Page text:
How Do We Recovery: Surrender vs. Compliance
Addiction is a war within ourselves—it’s a struggle for control and to manage our lives the way we know how to, which is with drugs and alcohol. Surrendering is a critical step to win this war. It’s when we realize that we can’t be the General, soldiers and enemy all at once. Change is a part of recovery, and it’s scary and makes us cling to the familiar. We try to do everything we can to feel as if we have the power to determine the outcome of changes. When we surrender, we accept that the power is not entirely in our hands. Submitting, on the other hand, is to go through the motions with quiet reservations with a desired end date on the horizon. As Dr. Harry M. Tiebout explains, “Submitting is to think that one day, things will go back to how we want them to be.”
When we think of “compliance,” we think of following a line of others blindly and following commands. Complying is what we do when we’re submitting. We’re being the soldiers with an end goal of eventually coming back into power by playing every part in the war again. We obey, but only because we aren’t given the keys to the exit door. If the keys were in our hands, we could make an easy choice to take that opportunity to escape our circumstances. We know that complying doesn’t mean we are enjoying what we do or necessarily want it. Think about what we comply with on a daily basis just for the sake of avoiding consequences. We don’t want to pay taxes, but we have to because it’s the law. We don’t want to sit in traffic, but we do because we know that eventually it will clear up and get us to our desired destination. Many will comply with the wishes of loved ones to enter recovery, but they don’t have a true desire to be sober and may see it as a temporary solution to keep peace. They don’t want to be sober, but they will go through the motions thinking that eventually things will blow over or that they will regain control when the time is right. Understanding the difference between surrender and compliance is critical because it is what separates “those with long term recovery from those who experience only brief periods of remission.” (SelfGrowth.com)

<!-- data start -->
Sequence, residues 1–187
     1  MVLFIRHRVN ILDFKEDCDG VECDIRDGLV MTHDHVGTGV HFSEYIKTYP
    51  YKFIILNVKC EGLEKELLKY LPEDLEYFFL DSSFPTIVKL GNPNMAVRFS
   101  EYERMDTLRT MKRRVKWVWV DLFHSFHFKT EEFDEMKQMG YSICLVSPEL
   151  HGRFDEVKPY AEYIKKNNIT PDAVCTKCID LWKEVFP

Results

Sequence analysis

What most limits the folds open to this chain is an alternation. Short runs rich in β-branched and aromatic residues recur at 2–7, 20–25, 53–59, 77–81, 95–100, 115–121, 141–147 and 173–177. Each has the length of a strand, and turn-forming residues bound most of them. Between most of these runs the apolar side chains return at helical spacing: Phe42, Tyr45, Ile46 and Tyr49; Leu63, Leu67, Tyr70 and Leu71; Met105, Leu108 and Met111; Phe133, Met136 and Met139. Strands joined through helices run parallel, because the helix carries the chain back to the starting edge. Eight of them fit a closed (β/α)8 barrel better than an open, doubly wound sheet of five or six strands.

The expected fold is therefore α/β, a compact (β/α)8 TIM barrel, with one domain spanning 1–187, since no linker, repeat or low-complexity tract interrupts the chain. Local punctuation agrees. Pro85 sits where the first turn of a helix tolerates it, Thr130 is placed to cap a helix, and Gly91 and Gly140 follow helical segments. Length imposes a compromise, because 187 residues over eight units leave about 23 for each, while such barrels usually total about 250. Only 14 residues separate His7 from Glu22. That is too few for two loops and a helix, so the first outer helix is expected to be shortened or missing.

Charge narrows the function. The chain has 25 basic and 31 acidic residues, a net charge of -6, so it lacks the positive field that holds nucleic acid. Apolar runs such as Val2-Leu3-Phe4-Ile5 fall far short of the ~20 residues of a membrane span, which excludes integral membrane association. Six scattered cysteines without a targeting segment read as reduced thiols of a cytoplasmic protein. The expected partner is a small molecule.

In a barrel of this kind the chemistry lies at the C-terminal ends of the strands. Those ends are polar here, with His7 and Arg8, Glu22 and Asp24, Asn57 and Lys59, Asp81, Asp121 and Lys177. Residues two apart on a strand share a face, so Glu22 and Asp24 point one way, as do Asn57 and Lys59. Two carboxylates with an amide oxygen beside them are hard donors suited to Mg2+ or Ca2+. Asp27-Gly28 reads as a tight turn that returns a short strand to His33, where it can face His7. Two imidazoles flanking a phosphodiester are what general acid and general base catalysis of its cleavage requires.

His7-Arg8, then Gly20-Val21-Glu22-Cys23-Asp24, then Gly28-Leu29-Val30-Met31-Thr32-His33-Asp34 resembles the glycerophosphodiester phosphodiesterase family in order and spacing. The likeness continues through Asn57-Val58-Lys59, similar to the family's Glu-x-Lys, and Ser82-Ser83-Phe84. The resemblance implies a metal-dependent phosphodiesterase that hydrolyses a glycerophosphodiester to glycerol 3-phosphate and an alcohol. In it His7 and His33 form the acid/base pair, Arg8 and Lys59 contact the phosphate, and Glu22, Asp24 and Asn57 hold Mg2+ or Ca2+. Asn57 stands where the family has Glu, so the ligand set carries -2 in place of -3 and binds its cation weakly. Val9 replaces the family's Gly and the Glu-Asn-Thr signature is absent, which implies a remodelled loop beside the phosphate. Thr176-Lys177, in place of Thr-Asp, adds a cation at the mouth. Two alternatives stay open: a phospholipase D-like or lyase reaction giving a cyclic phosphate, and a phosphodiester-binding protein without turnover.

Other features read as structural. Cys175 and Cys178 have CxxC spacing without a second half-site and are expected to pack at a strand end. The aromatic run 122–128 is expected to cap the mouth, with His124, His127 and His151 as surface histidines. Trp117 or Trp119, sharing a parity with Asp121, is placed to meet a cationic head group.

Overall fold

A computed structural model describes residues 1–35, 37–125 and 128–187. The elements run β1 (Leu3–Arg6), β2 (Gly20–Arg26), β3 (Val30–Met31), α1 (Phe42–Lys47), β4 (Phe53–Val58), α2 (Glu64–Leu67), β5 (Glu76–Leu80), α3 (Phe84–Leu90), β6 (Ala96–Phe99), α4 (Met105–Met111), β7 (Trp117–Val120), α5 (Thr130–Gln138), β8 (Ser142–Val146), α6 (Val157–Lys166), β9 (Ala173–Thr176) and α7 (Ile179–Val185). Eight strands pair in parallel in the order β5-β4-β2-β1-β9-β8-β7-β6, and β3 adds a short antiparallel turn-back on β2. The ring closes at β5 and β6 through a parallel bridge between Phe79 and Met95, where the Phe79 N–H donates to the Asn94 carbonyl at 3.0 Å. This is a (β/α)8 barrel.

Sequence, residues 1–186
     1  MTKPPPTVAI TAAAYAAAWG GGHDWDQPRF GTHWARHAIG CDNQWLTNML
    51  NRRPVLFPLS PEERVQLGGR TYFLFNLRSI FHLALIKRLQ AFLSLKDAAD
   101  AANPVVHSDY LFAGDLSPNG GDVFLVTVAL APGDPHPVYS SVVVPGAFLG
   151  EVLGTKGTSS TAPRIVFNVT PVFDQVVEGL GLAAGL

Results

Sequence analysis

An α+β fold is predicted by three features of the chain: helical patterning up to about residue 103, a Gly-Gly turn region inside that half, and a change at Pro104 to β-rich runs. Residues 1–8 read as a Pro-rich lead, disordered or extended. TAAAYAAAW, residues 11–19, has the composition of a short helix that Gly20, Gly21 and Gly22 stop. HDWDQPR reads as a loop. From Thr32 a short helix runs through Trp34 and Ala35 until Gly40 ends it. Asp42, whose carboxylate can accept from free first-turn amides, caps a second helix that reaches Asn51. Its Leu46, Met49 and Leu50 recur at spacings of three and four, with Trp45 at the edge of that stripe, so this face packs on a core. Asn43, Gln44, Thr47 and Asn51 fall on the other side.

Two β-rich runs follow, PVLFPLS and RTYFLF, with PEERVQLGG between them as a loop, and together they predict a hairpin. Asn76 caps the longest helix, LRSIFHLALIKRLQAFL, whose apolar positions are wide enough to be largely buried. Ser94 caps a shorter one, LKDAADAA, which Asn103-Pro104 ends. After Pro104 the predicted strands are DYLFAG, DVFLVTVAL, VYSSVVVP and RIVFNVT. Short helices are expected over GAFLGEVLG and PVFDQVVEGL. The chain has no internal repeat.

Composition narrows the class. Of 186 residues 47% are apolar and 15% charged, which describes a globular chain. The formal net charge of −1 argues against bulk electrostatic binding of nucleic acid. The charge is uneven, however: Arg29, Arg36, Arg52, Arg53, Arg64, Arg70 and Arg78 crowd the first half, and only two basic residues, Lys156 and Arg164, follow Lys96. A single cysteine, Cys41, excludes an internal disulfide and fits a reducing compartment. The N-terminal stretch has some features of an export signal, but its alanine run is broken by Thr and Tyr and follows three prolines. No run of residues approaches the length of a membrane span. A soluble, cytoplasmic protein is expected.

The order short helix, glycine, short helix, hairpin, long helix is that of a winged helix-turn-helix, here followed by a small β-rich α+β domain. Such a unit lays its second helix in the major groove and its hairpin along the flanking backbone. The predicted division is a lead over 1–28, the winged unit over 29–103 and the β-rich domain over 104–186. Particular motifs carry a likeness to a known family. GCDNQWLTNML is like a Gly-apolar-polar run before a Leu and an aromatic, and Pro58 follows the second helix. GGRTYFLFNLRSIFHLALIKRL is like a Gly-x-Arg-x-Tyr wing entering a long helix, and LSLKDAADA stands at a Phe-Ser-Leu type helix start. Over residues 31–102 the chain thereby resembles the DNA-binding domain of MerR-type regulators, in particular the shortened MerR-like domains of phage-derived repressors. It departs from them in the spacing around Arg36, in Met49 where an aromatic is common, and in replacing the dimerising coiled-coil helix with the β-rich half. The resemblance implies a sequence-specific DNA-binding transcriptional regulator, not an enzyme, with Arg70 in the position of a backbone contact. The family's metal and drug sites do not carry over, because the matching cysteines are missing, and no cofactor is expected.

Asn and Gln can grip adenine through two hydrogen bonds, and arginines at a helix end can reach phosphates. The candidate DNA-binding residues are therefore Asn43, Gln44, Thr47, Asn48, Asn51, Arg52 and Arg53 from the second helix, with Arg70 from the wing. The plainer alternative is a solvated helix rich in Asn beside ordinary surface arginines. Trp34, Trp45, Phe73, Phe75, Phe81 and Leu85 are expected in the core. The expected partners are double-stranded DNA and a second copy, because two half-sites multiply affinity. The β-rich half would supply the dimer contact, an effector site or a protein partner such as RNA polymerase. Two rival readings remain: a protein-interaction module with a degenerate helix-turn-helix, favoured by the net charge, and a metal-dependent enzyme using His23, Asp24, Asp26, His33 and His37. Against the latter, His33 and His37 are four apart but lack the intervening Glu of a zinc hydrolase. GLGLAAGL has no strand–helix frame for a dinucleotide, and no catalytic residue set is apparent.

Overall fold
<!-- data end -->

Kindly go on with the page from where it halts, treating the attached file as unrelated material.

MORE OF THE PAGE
Surrendering in recovery means that we aren’t looking for a side door or exit plan. We know there’s no other way and we’re okay with that, because we want to live happy lives. The other ways lead us to bad places and even death. When we can fully surrender, the changes we make are positive and we allow ourselves to experience the true, long-lasting rewards of sobriety. Surrender also involves a shift in our egos. Jim Stimson, a social worker specializing in addiction and the author of An Act of Surrender—Recover from Alcohol and Drug Addiction and Be Happy, Joyous, and Free!, explains that our ego is “the very thing that got us into trouble in the first place. Our ego is always coming from a place of fear, a lack of trust, and a desire to be in control. Bill W. said that humility is the hinge upon which the door of recovery swings. That’s why surrender requires an act of faith that involves moving forward without proof. It requires we let go of our attachment to outcomes and place our trust in the process.’” (TheFix.com)
Our ego prevents positive changes within us, with grandiose thinking and defiance. Grandiosity is our natural desire to take on the roles of everyone involved in the battle of addiction. It’s a dangerous mindset that gives us unrealistic expectations for situations and others. Grandiosity makes us demand validation and for results to unfold as we imagined them. When reality crashes down on us or results aren’t what we envisioned them to be, addicts and alcoholics can react by self-destructing or defying for the sake of feeling in control. Defiance is our way of elevating our egos back to where we feel in control, but is counter-productive to the positive changes we’re trying to make. It is when we decide our time is up with being compliant. Letting go of our ego and accepting that we are powerless and not omnipotent is the best way for us to properly fight addiction and handle what life has is store for us.
Author – Chris Howard
Chris Howard is the Founder and Director of Ethos Recovery. He has a B.A. in Psychology from UCLA and has served as a community advocate/mentor for men and women in recovery since 2010.